A couple of things to note:
- You have to lay a boundary wire which can take quite along time initially
- It does not leave wheels ruts (other than slight depressions) as it chooses different routes
- The robotic lawn mower happily docks himself again when he needs charging
- The grass is not collected, instead, because it is cut frequently, the grass is "mulched"
- The blade area is quite small so can take a while to cut the lawn
- You should be handy with a soldering iron to mend wires breaks (unless you're a lot more careful than me - which isn't that hard actually)
- It's very quiet with just a quiet buzz
- It doesn't do the edges!
The lawnmower is stated to cover up to 400m2. However, it should be notes that for our garden there was not enough wire (and associated pegs) to get all the way round (we also have a large pond area in the middle that increases the boundary length). The replacement parts for this expensive from Flymo, and it's much cheaper just to buy regular cable and plastic pegs off Amazon.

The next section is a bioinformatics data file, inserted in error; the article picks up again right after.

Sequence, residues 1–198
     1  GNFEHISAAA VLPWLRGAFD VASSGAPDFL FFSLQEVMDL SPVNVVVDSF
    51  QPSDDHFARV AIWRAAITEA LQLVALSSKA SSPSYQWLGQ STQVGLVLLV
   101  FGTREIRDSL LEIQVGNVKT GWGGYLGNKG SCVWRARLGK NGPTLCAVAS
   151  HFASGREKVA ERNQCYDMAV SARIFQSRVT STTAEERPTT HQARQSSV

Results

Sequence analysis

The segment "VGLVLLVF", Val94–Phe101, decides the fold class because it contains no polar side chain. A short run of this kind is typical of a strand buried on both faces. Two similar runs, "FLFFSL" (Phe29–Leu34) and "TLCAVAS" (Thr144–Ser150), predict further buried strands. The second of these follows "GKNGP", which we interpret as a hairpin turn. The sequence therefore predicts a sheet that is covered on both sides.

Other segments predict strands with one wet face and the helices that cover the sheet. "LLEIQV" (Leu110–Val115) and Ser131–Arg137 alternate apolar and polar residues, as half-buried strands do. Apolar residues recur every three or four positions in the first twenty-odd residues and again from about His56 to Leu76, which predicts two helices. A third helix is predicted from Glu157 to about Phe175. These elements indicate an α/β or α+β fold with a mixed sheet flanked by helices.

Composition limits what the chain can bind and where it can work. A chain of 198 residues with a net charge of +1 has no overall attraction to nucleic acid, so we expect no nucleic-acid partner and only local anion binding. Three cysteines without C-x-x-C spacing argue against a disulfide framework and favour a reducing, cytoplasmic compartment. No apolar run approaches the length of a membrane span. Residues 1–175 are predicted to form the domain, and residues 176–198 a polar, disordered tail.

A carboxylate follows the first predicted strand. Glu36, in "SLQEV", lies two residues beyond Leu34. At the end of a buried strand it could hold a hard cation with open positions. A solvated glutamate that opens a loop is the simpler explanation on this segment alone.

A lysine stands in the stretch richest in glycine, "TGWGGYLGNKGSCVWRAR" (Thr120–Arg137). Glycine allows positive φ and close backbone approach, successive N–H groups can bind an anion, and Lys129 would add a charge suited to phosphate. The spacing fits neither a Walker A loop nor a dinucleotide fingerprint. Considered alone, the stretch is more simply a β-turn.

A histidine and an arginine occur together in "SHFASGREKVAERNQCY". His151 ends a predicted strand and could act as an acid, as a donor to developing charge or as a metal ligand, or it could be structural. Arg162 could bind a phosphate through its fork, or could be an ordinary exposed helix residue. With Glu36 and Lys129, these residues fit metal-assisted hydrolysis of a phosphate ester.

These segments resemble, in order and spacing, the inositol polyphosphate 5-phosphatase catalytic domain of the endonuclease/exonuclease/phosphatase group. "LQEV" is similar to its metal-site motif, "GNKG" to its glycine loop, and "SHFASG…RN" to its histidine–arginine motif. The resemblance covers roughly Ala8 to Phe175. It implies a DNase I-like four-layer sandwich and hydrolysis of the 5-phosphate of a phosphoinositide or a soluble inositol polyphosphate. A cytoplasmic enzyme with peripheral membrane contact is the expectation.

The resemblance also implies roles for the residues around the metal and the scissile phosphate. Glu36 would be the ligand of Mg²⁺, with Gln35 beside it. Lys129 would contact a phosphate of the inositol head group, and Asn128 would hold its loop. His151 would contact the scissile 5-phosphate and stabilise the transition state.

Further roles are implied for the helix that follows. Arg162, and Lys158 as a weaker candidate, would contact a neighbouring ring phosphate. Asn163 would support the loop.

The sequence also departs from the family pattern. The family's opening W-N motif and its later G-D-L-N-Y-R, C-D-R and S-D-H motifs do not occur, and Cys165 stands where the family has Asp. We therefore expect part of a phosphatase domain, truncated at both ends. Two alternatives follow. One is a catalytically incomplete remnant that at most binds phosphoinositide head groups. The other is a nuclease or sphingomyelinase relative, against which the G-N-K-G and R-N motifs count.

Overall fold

So, after a year of ownership, he has to be my favourite gadget - now affectionately known as R2 (we should paint him white really)! He has probably saved me quite a bit of time (2 hours every other week at a rough estimate says it's saved be 52 hours of lawn mowing over the last year). However, I wouldn't say it's without it's issues. The two main issues I have noticed are as follows:
- The cables leading into the back of the charging dock are easy to kick on your way past (we had to get this serviced and the part replaced)
- If you cut your boundary or guide wire (and you will), it can be very problematic to find where! **